Brief Hagen Renaker History

I wrote this article for the 2007 Schroeder's Antiques Price Guide. I did revise the article a little for my webpage.

Hagen Renaker Potteries was founded in a garage in Culver City, California in 1945. By 1946 they moved to a Quonset Hut in Monrovia, California, where they continued making hand painted dishes - decorated with fruit and vegetable, or animal designs. These dishes were usually signed HR Calif in paint on the back. By 1948, Hagen Renaker began producing miniature animal figurines. This group of mini animals quickly became their best selling line. Remarkably, this is still true today. Many of the old miniatures from the 50's are still being produced today.

In 1952 Hagen Renaker introduced a new larger line of animal figurines called Designers Workshop or DW for short. These pieces were produced by many remarkable artists. A few of the more reconizable names were; Maureen Love, Tom Masterson, Nell Bortells, Martha Armstong-Hand, Helen Perrin Farnlund and Don Winton. Their design, attention to detail and painting are amazing. Hagen Renaker made hundreds of different DW pieces; birds, cats, dogs, farm animals, horses, insects and wildlife. These pieces look more like real animals than pottery renditions. The horses are particularly prized by collectors.

When Disneyland opened in 1955, Hagen Renaker made many different Disney pieces. They made these pieces until 1960. Walt Disney was particularly impressed, saying that Hagen Renaker made the finest 3 dimensional figurines he had ever seen. Hagen Renaker made over 100 different Disney figurines. The sets produced were; Alice in Wonderland, Bambi, Cinderella, Dumbo, Fantasia, Mickey Mouse & Friends, Peter Pan, Sleeping Beauty, some miscellaneous pieces and 2 sizes of Snow White and the Seven Dwarfs. Most of the Disney pieces were minis but they also produced larger pieces, including banks and cookie jars. A chamber pot was also produced that Walt Disney would give to employees with new babies, pink for girls and blue for boys. A second larger set of Fantasia pieces was made in 1982.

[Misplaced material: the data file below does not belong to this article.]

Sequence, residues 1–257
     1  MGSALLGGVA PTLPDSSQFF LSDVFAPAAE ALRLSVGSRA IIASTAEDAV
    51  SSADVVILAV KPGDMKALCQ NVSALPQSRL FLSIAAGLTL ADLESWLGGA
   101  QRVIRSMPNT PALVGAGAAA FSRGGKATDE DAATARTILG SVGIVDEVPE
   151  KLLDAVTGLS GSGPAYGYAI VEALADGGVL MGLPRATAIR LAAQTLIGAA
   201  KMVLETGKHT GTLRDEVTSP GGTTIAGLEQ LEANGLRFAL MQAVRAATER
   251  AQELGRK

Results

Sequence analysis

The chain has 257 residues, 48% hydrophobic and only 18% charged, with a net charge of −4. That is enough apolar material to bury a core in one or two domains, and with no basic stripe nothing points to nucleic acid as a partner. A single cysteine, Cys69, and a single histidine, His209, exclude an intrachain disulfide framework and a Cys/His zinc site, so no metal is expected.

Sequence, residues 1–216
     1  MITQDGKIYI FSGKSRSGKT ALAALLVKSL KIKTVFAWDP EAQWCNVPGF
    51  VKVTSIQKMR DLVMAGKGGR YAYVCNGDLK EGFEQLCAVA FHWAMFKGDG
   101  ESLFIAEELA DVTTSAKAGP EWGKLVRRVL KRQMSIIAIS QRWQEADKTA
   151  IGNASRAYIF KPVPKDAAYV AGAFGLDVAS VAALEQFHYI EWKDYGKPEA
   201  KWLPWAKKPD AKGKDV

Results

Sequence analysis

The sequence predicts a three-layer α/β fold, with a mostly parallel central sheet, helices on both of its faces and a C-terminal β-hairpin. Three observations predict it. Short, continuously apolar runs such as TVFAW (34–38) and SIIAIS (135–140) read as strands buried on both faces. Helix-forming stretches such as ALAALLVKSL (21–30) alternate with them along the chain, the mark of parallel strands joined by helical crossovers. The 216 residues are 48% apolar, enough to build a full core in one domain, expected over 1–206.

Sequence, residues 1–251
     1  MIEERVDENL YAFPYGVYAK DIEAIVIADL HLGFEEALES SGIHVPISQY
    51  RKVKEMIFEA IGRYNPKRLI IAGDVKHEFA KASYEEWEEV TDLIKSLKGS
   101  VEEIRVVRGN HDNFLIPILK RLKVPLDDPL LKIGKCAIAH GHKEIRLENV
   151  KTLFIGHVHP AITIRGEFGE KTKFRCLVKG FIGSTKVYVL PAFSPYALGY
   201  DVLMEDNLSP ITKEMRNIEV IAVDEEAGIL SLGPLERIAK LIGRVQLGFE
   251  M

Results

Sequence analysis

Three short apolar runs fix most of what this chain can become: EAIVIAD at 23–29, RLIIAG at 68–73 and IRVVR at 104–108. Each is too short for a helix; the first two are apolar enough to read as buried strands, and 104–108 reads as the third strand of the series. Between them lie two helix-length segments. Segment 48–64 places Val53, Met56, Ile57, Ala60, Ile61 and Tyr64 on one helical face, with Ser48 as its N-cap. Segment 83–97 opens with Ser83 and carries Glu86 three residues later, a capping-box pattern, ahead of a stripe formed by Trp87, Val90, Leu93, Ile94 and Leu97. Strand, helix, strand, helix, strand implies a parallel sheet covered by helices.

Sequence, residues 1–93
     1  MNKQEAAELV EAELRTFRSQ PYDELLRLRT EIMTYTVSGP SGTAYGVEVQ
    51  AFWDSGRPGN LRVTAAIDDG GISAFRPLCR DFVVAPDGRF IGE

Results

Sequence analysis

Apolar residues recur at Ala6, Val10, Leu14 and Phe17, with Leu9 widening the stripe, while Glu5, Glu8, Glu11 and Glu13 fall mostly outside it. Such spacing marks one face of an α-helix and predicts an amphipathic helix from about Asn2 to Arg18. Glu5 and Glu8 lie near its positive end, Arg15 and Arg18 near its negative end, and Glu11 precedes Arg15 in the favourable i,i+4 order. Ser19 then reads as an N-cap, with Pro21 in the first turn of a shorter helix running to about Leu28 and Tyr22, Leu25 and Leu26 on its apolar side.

The late 50's and early 60's was a very difficult time for all US potteries. Most were forced to close due to cheap Japanese imports. Many of these imports were unauthorized copies of US made pieces. Hagen Renaker tried new lines and cost cutting measures in an attempt to compete with these imports. They introduced several new lines including Little Horribles, Rock Wall Plaques and trays (faux Arizona Flagstone decorated with brightly colored primitive animals similar to cave drawings), Zany Zoo pieces and Black Bisque animals. They also tried a new Aurasperse paint. Aurasperse paint is a cold paint that ddoesn't have to be fired in a kiln, which saves time and money. The problem with this paint is that it washes off easily, so Aurasperse paint wasn't used very long. These cold painted pieces are generally more valuable because of their scarcity. Even with all the new lines and paints, Hagen Renaker was forced to shut down. However, this shutdown lasted only a short while. In early 1966, Hagen Renaker opened a new more efficient plant in San Dimas, California, where they still operate today. Spring of 1966 is a transitional period. Some pieces produced in the Spring of 66 are Monrovia era pieces while others are San Dimas pieces.

In 1980, Hagen Renaker bought the Freeman McFarlin factory in San Marcos, California and operated it for 6 years. This factory specialized in making large Designers Workshop pieces. Some of these pieces were new designs, some were Freeman McFarlin designs, but most were reissued DW pieces. Many of the old molds had to be reworked, so some of the pieces from the San Marcos era vary slightly from earlier pieces. Hagen Renaker continued to produce Freeman McFarlin pieces using the same glazes and colors, usually white or gold leaf. They also produced some of these pieces in new colors. In many cases, it is impossible to tell which company made a particular piece.

In the late 80's Hagen Renaker introduced Stoneware and Specialty lines, which are larger than the minis and smaller than the DW pieces. The Stoneware line was short lived, but they still make the Specialty pieces. Recently, Hagen Renaker issued a new Specialty line of dogs called their Pedigree line. The Pedigree dogs are mostly redesigned DW pieces. The current HR line consists of 45 Specialty pieces, 13 Pedigree dogs and 206 miniatures. Also, Hagen Renaker is currently releasing some large DW sized horses. Some are new designs, but most are new versions of the old DW horses. There are currently 14 of these DW horses available in various colors with more to come.

I'll always glad to answer more questions. Feel free to E-mail me at

Ed & Sheri Alcorn